The main reason this sort of thing is so shareable, however, is because it’s the sort of low-cost pseudo-activism that makes everyone who passes it along feel good about themselves. Clicking that little square made of arrows constitutes a retweet for justice, a blow struck against someone who was very bad, a howl for fairness in a world that has so little of it. Checking that heart-shaped icon is a “like” for solidarity, a suggestion that we’re all fighting together in this battle against the ignorance of people born nearly 112 years ago.
If one is disinclined to partake in this ritual witch-burning, one has options. One could note, as one always does, that art and artist are separable, that a big-screen icon beloved by the camera lens is different from the man on the ground and in the history books. One could highlight that he, like all of us, contains multitudes, that some coarse words during an interview given toward the end of an illustrious career should not define the man’s character or our image of him. One could simply sigh and recite L.P. Hartley’s famous dictum: “The past is a foreign country; they do things differently there.”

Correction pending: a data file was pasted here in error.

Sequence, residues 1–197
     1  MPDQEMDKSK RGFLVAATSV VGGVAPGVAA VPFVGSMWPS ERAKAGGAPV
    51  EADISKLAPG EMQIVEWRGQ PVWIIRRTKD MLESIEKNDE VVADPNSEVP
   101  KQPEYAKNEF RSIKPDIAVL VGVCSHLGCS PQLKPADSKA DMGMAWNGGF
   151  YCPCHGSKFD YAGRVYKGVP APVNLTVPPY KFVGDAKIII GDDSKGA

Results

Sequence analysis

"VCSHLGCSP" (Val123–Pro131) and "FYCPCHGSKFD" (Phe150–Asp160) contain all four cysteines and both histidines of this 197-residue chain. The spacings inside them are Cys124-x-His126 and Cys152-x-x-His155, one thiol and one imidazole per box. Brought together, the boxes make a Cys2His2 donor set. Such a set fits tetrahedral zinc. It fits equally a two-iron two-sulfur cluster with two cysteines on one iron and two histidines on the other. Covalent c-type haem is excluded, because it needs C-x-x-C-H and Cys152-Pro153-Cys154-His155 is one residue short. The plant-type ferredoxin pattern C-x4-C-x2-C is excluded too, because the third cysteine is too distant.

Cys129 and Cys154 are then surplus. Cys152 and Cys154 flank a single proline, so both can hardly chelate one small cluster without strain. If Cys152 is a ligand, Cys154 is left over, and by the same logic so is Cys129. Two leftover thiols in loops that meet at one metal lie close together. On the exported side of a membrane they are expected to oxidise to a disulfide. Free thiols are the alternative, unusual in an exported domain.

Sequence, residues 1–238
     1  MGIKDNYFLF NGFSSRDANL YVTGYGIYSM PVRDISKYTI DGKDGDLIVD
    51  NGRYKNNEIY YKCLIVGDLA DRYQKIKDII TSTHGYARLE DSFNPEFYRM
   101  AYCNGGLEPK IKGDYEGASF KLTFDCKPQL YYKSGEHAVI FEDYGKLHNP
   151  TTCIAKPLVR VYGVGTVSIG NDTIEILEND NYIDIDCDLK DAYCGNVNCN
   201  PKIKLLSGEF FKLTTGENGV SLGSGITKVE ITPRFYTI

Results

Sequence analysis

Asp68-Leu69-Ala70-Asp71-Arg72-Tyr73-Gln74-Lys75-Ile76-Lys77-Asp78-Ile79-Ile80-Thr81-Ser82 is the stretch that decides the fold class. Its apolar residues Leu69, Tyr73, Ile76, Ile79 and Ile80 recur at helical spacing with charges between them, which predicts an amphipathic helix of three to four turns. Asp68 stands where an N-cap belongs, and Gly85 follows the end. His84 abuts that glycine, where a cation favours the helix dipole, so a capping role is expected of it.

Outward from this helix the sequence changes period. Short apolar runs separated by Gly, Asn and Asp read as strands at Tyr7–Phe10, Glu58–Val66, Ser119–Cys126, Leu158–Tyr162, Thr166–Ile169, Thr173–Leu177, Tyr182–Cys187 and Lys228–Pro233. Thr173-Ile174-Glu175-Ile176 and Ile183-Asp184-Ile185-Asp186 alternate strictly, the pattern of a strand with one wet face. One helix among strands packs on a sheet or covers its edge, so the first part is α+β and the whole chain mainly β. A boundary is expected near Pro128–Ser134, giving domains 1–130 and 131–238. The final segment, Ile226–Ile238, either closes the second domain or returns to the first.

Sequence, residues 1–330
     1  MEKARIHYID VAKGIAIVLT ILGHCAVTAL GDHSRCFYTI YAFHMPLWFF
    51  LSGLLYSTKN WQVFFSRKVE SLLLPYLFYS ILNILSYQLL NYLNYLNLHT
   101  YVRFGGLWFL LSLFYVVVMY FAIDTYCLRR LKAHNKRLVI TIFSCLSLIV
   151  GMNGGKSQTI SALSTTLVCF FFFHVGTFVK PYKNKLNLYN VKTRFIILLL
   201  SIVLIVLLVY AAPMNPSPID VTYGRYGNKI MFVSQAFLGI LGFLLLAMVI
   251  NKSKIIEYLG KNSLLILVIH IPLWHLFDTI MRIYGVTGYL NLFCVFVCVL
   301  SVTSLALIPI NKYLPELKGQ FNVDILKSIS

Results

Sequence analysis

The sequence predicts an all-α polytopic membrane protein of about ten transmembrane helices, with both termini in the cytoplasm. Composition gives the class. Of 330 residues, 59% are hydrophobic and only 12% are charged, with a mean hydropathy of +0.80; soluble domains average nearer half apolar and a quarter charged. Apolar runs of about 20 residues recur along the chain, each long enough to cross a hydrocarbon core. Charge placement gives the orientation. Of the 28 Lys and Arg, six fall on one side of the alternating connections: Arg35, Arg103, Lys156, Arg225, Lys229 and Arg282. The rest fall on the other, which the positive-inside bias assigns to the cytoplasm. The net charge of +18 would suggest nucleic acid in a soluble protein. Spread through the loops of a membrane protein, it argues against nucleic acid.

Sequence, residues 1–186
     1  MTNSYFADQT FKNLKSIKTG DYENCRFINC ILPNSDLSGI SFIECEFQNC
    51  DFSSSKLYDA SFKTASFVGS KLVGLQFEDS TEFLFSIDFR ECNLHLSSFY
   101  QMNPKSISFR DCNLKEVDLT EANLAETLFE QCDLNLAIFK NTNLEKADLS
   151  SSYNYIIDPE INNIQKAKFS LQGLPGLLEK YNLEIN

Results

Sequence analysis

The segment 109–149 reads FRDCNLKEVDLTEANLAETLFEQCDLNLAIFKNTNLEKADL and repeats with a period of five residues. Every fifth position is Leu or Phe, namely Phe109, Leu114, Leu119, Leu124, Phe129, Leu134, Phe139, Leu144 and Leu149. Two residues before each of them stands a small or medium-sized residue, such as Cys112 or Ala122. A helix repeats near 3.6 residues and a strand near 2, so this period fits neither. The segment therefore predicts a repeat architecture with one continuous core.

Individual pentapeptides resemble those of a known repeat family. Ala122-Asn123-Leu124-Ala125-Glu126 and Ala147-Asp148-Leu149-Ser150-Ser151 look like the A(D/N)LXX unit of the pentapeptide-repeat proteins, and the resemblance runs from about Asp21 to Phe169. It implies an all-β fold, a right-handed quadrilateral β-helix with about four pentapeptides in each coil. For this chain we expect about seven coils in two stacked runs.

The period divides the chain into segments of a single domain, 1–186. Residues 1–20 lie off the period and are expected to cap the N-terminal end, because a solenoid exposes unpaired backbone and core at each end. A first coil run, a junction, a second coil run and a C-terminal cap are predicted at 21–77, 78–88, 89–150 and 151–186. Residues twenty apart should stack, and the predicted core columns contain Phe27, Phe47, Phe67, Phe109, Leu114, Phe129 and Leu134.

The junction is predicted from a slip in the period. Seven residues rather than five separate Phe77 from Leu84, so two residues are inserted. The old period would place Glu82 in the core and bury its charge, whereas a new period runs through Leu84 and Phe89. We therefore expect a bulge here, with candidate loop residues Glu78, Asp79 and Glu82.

A less nuanced, but more viscerally pleasing, retort is “so what?” John Wayne presaged Avenue Q? So. What? Who cares that someone reposted screenshots from an interview that was conducted almost 50 years ago?